In an interview recently, someone asked me why, in my book What Big Teeth, I never directly describe the process by which characters transform into werewolves. They simply change, leaving behind a pile of clothes like a shed snakeskin. Even when my protagonist presses her sister to describe the process, their conversation takes place in the realm of metaphor:
I sat down carefully on the edge of the bed and tried to figure out how to ask her what it felt like to change your shape.
“It’s a bit like turning yourself inside out,” Luma said, after I tried asking three or four different ways. “Or like turning your insides into a disguise, and then tucking your disguise into your insides.”
“It’s like a disguise?” I said. “It seems a little more complicated than that.” “It’s . . .” She left the brushing and rummaged in the toy box she still kept beside her bed. I felt embarrassed for her. She came out with a cloth doll in a long dress.
“Flip up her skirt,” she ordered, and, still not understanding, I did. Underneath was another head and torso of a doll. The skirt, turned inside out, was a different color. The doll, upside down, a different woman.
“It’s like that,” she said. “Only faster.”
I looked at Luma, in her white slip with her layers of blotted pink and red lipsticks staining her sharp teeth. I tried to imagine where the other creature was.
This missing description was by design on my part, and I am happy that someone caught it. A pitfall of writing horror is examining a monster too closely. Whenever a horror movie lingers too long, in good light, on a monster, the seams become obvious. We spot the CGI, or in older work, the zipper. The fear is dispelled, along with our belief. But there is an additional reason for me, which is that I always want to afford the monstrous body a little bit more ambiguity, a little more privacy, than I think readers will expect.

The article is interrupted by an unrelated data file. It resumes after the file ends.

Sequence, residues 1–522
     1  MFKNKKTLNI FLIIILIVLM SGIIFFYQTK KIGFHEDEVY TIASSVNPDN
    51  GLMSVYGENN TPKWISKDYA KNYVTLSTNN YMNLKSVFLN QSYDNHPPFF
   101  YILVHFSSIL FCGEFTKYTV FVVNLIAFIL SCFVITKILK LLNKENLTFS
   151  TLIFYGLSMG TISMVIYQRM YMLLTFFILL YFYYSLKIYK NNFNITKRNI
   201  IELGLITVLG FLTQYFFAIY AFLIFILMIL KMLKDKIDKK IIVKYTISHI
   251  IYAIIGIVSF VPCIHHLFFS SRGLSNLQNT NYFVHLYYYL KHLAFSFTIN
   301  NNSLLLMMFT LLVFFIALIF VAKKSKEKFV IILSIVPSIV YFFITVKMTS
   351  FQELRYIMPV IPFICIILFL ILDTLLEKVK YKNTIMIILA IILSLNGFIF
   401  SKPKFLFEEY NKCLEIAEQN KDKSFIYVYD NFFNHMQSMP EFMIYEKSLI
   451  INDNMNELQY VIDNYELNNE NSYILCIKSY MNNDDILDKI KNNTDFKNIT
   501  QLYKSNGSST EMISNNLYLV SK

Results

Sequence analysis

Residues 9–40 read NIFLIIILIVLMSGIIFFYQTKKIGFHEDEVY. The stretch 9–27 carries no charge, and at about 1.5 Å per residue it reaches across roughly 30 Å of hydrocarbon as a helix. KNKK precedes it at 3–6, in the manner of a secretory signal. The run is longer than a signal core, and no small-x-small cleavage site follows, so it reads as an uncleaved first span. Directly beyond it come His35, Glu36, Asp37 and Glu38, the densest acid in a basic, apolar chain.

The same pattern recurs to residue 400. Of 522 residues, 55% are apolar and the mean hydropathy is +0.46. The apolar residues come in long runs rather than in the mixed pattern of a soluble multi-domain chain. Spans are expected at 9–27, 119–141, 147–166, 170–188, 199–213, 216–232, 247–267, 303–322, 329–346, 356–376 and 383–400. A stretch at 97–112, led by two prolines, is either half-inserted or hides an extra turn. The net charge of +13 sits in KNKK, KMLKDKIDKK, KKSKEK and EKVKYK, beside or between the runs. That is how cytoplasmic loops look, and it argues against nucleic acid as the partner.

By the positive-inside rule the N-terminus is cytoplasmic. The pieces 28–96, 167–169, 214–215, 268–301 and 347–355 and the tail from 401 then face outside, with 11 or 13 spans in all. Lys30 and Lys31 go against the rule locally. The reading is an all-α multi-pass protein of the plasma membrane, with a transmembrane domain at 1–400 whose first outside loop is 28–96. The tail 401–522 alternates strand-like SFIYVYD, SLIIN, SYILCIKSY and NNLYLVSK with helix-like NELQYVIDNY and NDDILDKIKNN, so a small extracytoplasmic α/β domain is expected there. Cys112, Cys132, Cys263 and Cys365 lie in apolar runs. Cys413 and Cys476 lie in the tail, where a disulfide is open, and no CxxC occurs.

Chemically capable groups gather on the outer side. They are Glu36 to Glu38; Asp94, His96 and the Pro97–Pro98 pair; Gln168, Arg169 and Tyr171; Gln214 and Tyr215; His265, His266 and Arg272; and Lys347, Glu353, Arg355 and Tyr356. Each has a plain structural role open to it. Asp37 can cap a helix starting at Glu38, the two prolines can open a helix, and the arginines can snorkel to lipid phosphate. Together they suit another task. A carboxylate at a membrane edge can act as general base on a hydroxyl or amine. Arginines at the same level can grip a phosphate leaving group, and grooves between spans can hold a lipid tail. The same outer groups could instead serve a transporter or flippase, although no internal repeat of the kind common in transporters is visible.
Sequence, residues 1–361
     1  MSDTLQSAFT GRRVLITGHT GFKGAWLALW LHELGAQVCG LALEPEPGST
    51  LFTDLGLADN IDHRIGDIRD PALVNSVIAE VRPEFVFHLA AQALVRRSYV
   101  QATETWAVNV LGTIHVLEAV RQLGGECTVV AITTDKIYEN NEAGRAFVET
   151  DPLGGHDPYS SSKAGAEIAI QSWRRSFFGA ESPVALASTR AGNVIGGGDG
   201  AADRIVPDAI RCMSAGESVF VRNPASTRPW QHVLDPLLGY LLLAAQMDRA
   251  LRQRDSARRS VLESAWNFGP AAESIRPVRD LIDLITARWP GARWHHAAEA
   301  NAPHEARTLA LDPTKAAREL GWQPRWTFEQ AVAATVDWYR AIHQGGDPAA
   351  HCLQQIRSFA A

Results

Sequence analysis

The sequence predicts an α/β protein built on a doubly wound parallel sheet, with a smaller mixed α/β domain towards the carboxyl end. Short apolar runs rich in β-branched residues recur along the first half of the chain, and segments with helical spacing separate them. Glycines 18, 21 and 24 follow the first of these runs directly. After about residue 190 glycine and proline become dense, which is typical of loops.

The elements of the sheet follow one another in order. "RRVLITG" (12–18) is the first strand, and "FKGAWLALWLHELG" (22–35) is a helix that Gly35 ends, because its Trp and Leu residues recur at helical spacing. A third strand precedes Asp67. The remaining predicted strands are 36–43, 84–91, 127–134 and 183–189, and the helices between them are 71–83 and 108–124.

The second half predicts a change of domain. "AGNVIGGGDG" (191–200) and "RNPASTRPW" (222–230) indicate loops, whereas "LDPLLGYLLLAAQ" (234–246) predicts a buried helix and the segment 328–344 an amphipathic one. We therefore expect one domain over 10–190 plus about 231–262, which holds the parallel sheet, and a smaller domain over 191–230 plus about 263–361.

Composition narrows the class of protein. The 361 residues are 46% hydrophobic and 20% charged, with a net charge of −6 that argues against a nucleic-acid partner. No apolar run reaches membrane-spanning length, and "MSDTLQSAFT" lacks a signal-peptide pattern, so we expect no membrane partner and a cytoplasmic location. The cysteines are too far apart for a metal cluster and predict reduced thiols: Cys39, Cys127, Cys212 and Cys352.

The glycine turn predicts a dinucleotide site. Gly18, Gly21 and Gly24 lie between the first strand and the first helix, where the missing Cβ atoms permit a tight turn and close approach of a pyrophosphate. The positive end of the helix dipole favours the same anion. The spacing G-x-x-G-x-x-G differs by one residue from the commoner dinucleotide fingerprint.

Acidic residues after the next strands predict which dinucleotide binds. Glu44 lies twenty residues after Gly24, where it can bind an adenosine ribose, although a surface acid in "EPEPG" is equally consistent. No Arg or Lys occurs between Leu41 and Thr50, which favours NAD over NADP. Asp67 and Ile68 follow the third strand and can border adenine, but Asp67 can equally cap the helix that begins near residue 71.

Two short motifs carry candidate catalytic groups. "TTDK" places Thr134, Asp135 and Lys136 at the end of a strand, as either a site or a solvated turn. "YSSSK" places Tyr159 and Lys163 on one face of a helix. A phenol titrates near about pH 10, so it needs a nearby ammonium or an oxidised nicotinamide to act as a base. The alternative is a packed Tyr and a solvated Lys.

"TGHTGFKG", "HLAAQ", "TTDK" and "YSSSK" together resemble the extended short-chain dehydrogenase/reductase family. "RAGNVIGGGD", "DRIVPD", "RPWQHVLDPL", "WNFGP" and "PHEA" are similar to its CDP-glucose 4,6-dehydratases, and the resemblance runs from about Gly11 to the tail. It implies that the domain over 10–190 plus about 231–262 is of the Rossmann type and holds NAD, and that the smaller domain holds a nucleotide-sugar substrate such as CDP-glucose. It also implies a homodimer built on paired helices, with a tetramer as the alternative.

Ambiguity is the friend of the monster. It is also the friend of the marginal, because the monster, as Jeffrey Jerome Cohen tells us in his essay “Monster Culture,” is “never created ex nihilo, but through a process of fragmentation and recombination in which elements are extracted ‘from various forms’ (including–indeed, especially–marginalized social groups) and then assembled as the monster.” The monster is itself a marginal creature, existing on the “borders of the possible.” I would add to that: a monster is right at the border of the human.
My mother used to say that “dirt is matter out of place.” So too, a monster is a person where a person should not be. Anyone who has ever run into another human at twilight, in a place where you were not expecting to see another human (leaning casually next to a garbage can, or in a part of the woods you thought of as ‘your’ property) knows the fear that results from that ambiguity, the monstrousness of our lanky forms. A monster is often: encountering a person where you expected there to be no-person. What you expected to see instead (nothing, an animal, an object) is almost irrelevant.